The example of St. Alexis, along with his tireless preaching and teaching of the Orthodox Faith in the mill and mining towns throughout the eastern United States was undoubtedly influential on Father Orestes Chornock and other Uniate clergy as they faced a new era of misunderstanding, mistreatment, and changes to their faith by the Roman Catholic hierarchy. After their repeated appeals to Rome fell on deaf ears, the founders of our Diocese followed the path first trod by St. Alexis in returning to the Orthodox Faith of their ancestors. However they observed what had happened in the 17 parishes received into Orthodoxy through the efforts of Father Toth. In time the unique Carpatho-Rusyn identity of these people was suppressed in favor of an invented Russian identity which continues in many places to this day. Their ancient congregational style of singing known as prostopinije was suppressed as some sort of Uniate invention in favor of Russian music sung by a choir with the congregation as passive listeners. These observations led the founders of this Diocese to coin the motto Ani do Rim, ani doMoskvi! (neither to Rome nor to Moscow!) as they sought refuge and protection under the Ecumenical Patriarch of Constantinople.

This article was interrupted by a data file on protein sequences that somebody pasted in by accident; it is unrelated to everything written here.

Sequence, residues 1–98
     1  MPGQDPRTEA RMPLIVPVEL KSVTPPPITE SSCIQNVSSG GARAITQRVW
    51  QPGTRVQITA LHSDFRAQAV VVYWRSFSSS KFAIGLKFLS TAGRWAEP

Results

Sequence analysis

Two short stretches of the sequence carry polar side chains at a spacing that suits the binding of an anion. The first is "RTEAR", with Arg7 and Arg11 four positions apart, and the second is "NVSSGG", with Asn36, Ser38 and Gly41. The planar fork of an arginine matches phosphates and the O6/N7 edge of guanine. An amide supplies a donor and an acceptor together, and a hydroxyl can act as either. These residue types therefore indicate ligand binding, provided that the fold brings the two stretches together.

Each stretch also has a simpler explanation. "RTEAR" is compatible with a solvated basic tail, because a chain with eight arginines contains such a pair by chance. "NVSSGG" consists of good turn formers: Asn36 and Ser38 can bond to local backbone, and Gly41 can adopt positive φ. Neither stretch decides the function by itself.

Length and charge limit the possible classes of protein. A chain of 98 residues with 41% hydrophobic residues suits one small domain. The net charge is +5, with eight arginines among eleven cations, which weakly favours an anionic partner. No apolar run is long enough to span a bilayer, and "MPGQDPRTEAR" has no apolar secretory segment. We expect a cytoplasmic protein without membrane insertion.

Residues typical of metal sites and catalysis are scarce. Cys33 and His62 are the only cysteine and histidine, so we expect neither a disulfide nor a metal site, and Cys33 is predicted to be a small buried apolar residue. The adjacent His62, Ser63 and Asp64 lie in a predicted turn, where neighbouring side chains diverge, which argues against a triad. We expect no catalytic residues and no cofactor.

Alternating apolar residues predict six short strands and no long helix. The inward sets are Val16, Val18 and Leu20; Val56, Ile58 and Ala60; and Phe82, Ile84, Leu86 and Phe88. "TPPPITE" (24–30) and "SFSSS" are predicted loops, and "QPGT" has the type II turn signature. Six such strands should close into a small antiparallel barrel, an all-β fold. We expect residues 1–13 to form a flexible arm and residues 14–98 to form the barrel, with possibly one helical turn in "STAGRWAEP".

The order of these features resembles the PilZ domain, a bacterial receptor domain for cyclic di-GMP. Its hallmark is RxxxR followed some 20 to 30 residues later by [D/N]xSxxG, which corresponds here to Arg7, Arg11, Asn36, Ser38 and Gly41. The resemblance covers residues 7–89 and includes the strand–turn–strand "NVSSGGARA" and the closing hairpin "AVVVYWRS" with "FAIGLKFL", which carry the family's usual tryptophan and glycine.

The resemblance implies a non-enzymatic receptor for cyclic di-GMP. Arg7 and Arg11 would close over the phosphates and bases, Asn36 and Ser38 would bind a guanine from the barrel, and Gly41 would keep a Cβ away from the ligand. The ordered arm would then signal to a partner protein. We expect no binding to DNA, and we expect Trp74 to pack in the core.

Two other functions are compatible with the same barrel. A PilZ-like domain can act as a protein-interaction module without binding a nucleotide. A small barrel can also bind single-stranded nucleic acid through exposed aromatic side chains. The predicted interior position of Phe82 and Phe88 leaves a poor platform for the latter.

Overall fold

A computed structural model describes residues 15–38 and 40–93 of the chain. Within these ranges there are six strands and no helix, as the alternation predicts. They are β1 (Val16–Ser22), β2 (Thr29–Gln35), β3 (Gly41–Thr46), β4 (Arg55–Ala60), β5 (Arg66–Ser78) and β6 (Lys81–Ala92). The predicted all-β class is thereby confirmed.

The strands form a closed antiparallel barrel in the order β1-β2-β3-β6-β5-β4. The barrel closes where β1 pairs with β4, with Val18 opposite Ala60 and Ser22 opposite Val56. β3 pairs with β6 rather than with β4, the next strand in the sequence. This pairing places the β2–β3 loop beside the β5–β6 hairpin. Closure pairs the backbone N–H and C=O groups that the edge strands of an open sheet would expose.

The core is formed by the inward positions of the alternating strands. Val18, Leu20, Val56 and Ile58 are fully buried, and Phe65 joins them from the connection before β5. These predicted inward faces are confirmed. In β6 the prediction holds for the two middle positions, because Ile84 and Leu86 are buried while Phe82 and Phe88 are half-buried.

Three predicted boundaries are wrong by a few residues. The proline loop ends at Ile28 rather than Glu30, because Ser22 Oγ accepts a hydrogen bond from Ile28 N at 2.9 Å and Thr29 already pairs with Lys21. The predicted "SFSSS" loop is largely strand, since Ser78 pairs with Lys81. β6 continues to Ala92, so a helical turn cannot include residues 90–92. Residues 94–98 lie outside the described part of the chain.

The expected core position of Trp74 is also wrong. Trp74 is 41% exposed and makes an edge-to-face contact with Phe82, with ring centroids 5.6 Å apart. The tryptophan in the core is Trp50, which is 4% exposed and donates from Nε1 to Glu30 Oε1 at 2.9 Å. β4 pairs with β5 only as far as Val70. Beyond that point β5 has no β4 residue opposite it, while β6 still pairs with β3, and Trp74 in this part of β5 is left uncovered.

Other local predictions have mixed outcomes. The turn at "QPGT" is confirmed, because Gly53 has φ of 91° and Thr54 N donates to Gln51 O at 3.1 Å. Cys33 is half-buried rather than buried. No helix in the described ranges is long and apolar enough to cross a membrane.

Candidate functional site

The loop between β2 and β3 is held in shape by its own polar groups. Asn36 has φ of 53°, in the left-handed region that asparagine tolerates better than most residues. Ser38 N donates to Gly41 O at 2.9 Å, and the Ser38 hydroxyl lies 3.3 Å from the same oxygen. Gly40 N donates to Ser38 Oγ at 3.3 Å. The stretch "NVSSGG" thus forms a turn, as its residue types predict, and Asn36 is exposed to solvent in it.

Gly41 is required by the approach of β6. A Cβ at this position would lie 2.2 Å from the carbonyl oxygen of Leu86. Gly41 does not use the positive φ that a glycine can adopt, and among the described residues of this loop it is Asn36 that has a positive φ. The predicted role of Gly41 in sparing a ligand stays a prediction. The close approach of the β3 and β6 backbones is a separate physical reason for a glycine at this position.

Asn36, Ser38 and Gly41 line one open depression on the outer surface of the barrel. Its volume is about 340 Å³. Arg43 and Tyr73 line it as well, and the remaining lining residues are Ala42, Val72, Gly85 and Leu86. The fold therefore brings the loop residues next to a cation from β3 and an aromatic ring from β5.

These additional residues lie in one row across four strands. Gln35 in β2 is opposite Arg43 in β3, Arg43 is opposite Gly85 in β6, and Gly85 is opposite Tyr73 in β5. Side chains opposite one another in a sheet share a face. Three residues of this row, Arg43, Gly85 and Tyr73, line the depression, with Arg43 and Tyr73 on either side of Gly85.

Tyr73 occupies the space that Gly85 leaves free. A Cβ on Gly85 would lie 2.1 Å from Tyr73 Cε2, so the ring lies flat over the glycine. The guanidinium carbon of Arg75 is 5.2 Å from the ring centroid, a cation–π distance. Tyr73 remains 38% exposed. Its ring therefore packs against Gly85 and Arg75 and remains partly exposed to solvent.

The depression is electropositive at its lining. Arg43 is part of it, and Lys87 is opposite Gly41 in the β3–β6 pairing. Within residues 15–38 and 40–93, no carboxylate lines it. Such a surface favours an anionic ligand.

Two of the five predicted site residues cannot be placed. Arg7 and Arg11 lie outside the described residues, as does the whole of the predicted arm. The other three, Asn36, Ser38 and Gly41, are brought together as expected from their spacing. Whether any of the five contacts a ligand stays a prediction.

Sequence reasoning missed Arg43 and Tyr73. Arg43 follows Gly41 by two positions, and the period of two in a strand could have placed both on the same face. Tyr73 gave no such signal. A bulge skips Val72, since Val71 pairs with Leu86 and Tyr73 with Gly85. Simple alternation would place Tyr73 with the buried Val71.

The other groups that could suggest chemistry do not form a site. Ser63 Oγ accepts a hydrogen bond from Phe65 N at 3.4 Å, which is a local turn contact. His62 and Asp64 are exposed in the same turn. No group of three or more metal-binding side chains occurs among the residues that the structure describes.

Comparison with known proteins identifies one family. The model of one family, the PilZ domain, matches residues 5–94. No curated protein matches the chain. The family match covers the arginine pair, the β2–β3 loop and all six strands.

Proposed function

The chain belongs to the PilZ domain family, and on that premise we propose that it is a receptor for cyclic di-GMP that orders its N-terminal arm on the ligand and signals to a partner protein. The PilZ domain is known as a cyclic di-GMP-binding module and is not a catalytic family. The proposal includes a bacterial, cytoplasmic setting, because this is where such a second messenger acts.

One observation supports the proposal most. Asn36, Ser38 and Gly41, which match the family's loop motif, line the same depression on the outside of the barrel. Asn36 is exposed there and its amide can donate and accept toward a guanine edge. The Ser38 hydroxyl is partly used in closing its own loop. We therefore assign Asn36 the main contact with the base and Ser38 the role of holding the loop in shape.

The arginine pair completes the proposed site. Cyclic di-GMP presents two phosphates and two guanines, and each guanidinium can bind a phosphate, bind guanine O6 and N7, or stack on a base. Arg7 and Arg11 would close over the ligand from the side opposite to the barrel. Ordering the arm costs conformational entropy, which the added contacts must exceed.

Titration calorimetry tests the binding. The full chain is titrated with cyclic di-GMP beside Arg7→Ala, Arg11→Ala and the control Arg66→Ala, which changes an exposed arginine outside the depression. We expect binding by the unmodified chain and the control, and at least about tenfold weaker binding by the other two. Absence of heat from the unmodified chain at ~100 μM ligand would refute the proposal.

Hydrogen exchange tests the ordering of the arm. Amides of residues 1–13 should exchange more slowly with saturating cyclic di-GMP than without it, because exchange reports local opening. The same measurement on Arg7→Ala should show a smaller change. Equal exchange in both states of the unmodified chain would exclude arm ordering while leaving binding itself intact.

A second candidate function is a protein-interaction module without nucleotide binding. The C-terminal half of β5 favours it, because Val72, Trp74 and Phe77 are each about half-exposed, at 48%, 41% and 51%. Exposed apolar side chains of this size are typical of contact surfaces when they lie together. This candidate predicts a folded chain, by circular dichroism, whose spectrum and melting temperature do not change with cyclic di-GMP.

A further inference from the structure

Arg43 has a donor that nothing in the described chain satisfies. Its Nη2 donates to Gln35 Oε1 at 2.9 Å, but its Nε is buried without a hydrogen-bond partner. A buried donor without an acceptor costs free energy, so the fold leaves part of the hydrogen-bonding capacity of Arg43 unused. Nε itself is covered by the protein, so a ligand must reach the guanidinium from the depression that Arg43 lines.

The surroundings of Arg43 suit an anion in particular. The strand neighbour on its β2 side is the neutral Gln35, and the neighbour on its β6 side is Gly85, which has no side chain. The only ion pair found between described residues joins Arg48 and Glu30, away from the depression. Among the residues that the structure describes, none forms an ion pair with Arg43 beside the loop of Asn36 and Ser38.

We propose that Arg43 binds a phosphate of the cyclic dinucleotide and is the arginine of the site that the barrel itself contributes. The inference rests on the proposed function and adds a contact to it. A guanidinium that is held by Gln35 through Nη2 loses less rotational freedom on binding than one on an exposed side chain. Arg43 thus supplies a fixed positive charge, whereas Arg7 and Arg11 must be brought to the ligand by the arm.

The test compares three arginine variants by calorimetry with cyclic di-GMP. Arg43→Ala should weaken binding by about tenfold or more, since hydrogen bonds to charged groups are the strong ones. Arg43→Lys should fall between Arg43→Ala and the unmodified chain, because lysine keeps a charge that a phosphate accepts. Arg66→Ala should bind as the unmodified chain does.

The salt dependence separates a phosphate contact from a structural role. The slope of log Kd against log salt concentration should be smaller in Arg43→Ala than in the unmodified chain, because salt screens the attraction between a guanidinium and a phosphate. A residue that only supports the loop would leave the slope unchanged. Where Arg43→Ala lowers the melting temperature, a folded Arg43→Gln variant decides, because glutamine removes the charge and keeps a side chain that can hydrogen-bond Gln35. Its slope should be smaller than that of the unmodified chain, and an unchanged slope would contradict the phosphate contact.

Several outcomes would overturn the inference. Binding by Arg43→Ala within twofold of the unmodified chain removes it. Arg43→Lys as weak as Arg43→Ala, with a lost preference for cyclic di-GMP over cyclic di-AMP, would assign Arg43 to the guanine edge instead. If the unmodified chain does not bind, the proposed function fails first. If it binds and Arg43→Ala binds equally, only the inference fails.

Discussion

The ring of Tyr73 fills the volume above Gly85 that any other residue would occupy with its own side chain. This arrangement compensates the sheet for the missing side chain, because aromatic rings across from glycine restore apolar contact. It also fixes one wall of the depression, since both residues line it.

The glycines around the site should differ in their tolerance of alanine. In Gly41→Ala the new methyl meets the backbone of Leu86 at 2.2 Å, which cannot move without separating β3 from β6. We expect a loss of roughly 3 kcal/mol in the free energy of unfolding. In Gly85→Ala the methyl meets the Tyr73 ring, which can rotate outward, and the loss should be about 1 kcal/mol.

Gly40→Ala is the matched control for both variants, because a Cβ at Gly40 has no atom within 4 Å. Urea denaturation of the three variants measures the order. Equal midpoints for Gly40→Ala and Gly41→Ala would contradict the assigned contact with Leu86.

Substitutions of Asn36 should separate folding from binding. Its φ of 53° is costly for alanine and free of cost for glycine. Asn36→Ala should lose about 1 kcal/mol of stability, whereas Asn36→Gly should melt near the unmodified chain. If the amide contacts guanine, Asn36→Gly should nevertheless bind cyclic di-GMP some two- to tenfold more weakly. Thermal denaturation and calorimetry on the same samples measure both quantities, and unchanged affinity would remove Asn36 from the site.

The life of St. Alexis also challenges us in his relentless and courageous pursuit of the truth of the Gospel. One of the pamphlets he wrote and distributed in his missionary work was titled Where to Seek the Truth. The challenge for Orthodox Christians living in America today is  the dangerous yet common belief that there is no one truth but that each person follows  whatever is true for them. Truth is not objective but subjective: I decide what is right and 
wrong, what is true and false, truth is not revealed from God on high and disseminated to  mankind. While our respect for people of other beliefs has led to relative peace among the many religions of America, the price has been the embrace of a non-Biblical, non-Christian teaching that there are many paths to God, I have my path and you have yours and they are all equally valid. This new view now demands that we question and change the meaning of such 
previously basic institutions as family and marriage. In today's society, to declare that there is  objective right and wrong, sin and virtue, truth and falsehood is to be labeled bigoted, old-fashioned, narrow and exclusive. St. Alexis, by his struggle to return to the truth of the Gospel, inspires us to continue to seek the truth revealed by the Lord Jesus Christ to an unchanging Church that continues in the Faith of the Apostles.

Very Rev. Edward Pehanich